The first step to managing a portfolio of ETFs is to draw up an asset allocation based on widely used criteria, including your age, financial goals, risk tolerance, time horizon and the amount of the investment. (A variety of investment Web sites offer asset allocation calculators, but be aware that you may get different recommendations from different programs.)

Cultural norms and recent market history also influence allocation decisions; Germans, for example, tend to allocate less money to equities than Americans. Alexander Etterer, co-author of the book Exchange Traded Funds (co-authored with Hubert-Ralph Schmitt and Martin Wambach, Finanzbuch Verlag, 2003, €34.90) and an adviser in the Cologne office of international auditing, accounting and management consultancy Rödl & Partner, says his firm usually uses a variation of one-third equities, one-third real estate and one-third bonds for German clients.

Many German advisers don’t recommend ETFs to clients, instead favoring products that allow them to pocket a sales commission, says Mr. Etterer, whose firm is independent.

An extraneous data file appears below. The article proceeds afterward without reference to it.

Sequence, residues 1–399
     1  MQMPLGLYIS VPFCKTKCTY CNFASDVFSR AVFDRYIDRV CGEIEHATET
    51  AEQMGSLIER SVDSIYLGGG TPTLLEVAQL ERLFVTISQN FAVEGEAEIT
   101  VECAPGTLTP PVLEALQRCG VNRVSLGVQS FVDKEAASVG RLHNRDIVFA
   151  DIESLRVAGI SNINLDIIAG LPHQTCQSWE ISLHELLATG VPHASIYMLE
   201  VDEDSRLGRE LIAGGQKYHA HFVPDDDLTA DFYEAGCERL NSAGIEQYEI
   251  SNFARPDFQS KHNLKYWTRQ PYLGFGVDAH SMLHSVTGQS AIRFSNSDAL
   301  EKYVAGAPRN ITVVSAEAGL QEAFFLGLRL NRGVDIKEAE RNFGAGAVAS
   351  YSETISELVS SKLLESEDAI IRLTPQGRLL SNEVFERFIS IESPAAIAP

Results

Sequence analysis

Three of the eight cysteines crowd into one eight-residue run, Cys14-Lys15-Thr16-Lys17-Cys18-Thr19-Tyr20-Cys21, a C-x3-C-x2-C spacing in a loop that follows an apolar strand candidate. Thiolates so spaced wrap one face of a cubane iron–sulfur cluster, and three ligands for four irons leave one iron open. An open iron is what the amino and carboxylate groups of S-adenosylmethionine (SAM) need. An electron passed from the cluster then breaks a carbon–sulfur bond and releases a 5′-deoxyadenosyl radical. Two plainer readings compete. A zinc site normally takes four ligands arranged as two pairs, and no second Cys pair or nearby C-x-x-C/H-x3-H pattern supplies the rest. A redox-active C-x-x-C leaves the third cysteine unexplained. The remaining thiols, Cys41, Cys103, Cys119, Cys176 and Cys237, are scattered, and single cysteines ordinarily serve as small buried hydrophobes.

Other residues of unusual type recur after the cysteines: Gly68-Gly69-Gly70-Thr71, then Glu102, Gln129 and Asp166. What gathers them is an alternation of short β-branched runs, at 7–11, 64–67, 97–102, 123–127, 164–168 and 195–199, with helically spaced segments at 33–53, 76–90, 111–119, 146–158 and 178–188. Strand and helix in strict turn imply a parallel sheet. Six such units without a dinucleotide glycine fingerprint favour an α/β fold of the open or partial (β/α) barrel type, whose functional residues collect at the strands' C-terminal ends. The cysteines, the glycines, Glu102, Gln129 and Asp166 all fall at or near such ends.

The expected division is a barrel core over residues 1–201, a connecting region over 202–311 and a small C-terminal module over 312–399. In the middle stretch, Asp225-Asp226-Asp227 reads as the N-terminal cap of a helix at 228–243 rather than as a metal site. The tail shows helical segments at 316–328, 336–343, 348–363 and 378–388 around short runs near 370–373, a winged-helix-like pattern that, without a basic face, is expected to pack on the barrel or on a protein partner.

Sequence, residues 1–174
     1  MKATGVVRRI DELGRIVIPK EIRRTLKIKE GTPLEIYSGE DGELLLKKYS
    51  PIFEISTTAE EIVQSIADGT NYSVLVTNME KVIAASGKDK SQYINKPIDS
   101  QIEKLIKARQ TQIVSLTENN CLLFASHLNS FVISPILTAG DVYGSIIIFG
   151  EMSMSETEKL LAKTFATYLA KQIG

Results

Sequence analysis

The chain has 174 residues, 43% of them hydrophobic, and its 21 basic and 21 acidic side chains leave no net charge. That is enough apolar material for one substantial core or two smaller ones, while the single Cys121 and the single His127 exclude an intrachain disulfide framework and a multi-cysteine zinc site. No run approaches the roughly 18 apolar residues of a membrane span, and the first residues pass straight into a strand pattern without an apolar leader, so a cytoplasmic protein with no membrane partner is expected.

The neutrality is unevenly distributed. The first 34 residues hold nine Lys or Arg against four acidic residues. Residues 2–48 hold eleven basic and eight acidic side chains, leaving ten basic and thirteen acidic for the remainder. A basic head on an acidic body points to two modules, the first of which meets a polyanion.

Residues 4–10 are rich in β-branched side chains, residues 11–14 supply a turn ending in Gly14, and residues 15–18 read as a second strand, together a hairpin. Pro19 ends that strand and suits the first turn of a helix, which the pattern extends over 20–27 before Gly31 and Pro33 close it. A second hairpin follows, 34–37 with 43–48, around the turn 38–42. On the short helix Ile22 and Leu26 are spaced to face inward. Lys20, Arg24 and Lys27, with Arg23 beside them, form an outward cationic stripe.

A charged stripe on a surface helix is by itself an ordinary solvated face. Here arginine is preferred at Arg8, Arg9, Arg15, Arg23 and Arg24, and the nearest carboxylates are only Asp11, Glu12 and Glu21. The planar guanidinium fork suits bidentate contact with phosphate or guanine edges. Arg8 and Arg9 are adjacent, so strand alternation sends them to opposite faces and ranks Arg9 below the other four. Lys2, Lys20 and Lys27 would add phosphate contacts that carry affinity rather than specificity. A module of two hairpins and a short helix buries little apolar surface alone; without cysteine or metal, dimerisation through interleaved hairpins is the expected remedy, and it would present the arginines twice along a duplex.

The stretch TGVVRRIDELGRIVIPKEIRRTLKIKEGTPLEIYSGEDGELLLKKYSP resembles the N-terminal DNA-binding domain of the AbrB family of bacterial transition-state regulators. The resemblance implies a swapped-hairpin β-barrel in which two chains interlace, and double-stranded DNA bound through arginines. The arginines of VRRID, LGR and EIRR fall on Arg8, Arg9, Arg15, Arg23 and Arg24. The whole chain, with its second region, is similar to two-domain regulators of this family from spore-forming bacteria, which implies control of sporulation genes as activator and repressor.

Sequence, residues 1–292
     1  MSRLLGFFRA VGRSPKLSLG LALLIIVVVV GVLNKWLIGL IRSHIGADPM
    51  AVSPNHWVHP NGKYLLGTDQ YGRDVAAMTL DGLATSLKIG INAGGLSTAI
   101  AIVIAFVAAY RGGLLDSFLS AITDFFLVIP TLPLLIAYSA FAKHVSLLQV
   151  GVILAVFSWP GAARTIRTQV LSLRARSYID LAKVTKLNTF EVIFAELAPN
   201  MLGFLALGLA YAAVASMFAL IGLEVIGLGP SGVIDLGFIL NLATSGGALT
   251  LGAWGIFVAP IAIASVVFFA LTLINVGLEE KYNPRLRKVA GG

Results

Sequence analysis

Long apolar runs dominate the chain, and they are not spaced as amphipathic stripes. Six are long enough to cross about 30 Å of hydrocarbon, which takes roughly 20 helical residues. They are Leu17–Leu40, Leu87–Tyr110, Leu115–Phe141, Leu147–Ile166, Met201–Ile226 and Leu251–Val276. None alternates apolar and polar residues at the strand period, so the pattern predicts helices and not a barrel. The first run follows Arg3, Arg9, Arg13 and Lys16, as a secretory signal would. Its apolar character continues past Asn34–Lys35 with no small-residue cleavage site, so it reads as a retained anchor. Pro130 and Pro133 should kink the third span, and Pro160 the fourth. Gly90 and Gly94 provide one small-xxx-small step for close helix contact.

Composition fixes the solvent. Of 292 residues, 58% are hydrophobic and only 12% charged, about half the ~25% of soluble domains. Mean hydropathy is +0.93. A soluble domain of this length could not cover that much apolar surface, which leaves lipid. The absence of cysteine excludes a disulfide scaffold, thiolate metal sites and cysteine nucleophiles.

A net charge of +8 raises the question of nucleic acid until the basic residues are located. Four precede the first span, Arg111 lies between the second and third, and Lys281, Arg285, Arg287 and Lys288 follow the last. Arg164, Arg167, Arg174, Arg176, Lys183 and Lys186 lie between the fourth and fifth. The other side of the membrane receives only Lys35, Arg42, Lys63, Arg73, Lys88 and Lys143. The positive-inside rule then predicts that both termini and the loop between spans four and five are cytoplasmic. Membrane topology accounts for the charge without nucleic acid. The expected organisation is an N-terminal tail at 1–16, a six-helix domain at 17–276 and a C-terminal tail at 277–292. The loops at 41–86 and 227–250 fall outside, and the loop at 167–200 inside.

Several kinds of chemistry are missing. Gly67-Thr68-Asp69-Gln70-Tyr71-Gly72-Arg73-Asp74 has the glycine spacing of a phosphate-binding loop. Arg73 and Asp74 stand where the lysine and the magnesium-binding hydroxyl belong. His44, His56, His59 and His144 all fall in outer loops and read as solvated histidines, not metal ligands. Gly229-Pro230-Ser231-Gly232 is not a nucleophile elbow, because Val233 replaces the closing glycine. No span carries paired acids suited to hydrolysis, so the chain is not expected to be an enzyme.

David F. Swensen, who has managed the endowment of Yale University in the U.S. for two decades with returns averaging more than 16% a year, recommends ETFs as a way for retail investors to create a low-cost, diversified portfolio. IN general comments on portfolio allocation in his just-published book, Unconventional Success (Free Press, 2005, €23), he suggests the following as a starting point: 30% domestic equity, 15% foreign developed equity, 5% emerging market equity, 20% real estate, 15% U.S. Treasury bonds, and 15% U.S. Treasury Inflation-Protected Securities. In an interview, he recommends that European investors concentrate their government bond investments in their domestic markets “to provide protection against financial crisis or deflation.”

But despite the popularity of commodity-based ETFs, he argues that, after accounting for inflation, long-term returns on commodity investments “approximate zero.”

Diversify, but Not Too Much

Once you figure out your allocation, you have to find the appropriate ETFs. IN the U.S., “if an investor wants to keep things simple and focus on the broadest asset classes, it si possible to construct a portfolio that is very well diversified and easy to manage with just four or five ETFs,” says J.D. Steinhilber, founder of AgileInvesting.com, a Nashville, Tenn., investment-advisory subscription service that provides advice on managing portfolios with ETFs.